At about $80, it's hard to argue against a 1TB w/ twin 500GB platters.. Seagate 7200.12 or Spinpoint F3 ... The WD Black has 500 GB platters in the 2 TB model but it's fairly expensive.
a c 415 G Storage
December 2, 2009 6:25:30 PM

As the others have mentioned, the only thing wrong with a "Green" drive is that it's slower. If price is a problem and if you'll be able to upgrade later, my advice is to buy the fastest drive you can afford with whatever budget you have, favoring speed over capacity (ie, buy a 500GB "Black" drive if it's no more expensive than a 1TB "Green" drive).
December 2, 2009 7:02:12 PM

The 500 GB Black drive WD5001AALS or 1TB WD1001FALSlooks like a pretty good candidate to me. I think its about as fast as I will get because SSD are out of my budget and I'm not sure the Velociraptor(sp) is worth the money for me. I like all the reviews I have read about WD they seem very reliable. SO for ~$100 i think it will be a good choice? Should I still partition and area for the operating system?
a b G Storage
December 2, 2009 9:44:19 PM

sturm said:
The green drives are not considered good "Primary" drives due to the fact they will drop to 5400 rpm from 7200 rpm depending on workload. It takes time for them to spin backup to 7200. They WILL work just fine as a primary drive, they just won't be the fastest drive. I would look at getting a 7200 rpm or higher drive for the main drive and then using the Green drive as storage if you want to keep things faster.
Depending on what your doing you MAY not notice much of a difference or even care about the small drop in performance. If budgets are tight get the cheaper of the twol


They definitely do not vary in speed. They spin at a fixed speed, just like all other drives. The advertising was confusing on this point for a while, but it does not have a dynamic spin speed. They never specify the actual spin speed, but it's around 5400RPM from all of the tests I've seen.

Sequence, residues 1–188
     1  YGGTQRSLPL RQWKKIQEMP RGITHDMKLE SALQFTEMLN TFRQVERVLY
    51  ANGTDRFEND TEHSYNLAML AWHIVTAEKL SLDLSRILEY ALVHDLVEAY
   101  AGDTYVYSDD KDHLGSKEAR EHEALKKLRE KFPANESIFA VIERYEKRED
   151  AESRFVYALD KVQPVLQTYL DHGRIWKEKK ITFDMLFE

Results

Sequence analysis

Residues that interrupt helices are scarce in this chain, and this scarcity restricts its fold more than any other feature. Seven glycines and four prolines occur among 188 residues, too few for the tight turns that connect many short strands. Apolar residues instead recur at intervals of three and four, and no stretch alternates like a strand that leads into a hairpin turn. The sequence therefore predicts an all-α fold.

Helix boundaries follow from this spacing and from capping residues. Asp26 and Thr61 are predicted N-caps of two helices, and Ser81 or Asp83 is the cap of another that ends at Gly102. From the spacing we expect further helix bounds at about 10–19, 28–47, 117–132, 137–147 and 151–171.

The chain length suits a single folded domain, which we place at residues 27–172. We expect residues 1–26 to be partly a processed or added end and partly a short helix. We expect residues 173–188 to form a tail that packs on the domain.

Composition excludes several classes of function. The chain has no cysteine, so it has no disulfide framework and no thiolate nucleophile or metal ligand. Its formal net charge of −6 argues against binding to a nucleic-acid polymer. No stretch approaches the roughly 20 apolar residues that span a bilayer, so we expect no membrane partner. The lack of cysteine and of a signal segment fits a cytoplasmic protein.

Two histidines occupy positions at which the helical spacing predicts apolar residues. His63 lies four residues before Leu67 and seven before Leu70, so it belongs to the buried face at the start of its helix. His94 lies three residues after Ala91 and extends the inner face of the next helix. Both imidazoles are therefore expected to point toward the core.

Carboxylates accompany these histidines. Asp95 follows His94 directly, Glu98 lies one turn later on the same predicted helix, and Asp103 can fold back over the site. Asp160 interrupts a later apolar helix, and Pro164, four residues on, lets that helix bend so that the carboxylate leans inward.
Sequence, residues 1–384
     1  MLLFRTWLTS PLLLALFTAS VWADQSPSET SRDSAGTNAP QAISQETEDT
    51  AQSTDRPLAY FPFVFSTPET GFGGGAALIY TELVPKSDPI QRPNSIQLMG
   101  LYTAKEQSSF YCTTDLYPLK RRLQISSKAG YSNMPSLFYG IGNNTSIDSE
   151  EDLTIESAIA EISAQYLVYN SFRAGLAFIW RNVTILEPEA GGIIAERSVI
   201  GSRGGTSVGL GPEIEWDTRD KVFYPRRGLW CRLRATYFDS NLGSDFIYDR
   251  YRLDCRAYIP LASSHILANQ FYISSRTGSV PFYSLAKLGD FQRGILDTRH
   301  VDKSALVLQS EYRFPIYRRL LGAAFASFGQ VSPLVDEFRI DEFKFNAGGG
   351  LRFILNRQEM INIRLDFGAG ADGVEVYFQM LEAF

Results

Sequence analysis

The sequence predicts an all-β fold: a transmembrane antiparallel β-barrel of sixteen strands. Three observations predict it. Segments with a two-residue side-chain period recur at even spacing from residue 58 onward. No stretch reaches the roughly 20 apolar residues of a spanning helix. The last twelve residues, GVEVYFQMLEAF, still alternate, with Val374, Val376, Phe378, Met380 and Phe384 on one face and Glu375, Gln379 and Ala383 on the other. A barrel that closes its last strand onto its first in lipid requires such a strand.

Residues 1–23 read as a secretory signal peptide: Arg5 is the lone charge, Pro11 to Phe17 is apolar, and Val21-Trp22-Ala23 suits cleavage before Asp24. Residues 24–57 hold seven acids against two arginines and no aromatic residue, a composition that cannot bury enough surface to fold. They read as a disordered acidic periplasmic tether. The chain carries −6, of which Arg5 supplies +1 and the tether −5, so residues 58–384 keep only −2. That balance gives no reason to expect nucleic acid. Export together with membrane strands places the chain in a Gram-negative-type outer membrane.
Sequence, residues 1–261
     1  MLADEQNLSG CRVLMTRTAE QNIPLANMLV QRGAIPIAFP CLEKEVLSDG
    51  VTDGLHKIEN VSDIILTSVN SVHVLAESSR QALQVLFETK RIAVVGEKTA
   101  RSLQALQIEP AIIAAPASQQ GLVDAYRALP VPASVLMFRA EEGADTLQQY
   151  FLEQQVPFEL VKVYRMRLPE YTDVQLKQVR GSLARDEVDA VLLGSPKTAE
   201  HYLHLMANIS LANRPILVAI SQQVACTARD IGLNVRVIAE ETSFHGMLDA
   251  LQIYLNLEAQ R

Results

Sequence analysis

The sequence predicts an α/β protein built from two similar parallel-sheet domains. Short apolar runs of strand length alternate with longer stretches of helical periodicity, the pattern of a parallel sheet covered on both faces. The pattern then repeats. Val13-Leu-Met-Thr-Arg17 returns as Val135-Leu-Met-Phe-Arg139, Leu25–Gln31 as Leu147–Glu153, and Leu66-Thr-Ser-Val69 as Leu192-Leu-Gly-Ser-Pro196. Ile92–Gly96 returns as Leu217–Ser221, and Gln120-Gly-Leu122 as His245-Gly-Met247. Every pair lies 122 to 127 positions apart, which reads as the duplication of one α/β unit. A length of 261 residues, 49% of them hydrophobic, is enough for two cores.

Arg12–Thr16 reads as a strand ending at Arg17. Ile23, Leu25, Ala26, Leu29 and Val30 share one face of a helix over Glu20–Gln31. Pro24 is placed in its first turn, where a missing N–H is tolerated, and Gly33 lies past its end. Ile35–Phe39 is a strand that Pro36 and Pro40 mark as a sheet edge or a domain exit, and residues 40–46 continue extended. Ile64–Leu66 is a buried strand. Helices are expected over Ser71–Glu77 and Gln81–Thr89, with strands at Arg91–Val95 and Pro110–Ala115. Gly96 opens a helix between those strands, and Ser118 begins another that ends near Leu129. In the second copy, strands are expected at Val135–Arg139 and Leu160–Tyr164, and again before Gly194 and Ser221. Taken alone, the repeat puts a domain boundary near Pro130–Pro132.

December 2, 2009 11:23:34 PM

I use a WD 1TB Green drive on a Q6600 based XP system. Boot time is slightly quicker with the green 1TB WD than with the 2 year old 7200 RPM 200 GB sata drive it replaced. A WD Black 1TB drive (at $20 more) would be slightly louder and faster. I'm pretty happy with the performance with the green drive. You might want to trade off the (slightly more) noise and heat for more speed -- the $20 really shouldn't be a factor!)

If you decide to use two disks as suggested above look at a raid config. You get the benefit of improved performance plus can keep 1 big C drive. You could also start with the green drive and add a second later if you need more performance. (or add a flash based system drive).
December 3, 2009 12:06:24 PM

I'm not worried about the $20 or $40 etc. I think I might start off with the Green drive, then 4-6 months down the road add a SSD for the OS. I can then use the Green Drive as Storage only. I think in the end that will be my best option. I'm just not ready to buy a SSD right now.
February 8, 2013 8:53:41 AM

I bought a 2tb WD Green for less noise, lots of storage, and had initially bought it for a secondary while running an older wd pata 80gb as primary. With my new upgrade I'll be running it as primary. I don't expect to notice any performance issues as I'm not a gamer and use my computer for business use and watching movies. After reading this review, I was surprised to see such caution as using it as a primary drive. It can save on electricity and power. And if you want to keep it running at the full 7200 rpm I read somewhere you can set it that way, but I'd rather have it running at 5400 rpms for less noise just my 2 cents. Dan
February 8, 2013 9:24:49 PM

We've got a 800gb WD green drive and it's listed at 5900rpm right on the label. WEI score is the same 5.9 as every other rotating drive I've ever had, but the 64mb cache must help applications, because it loads and runs more quickly than any of my old WD Blue or Seagate drives.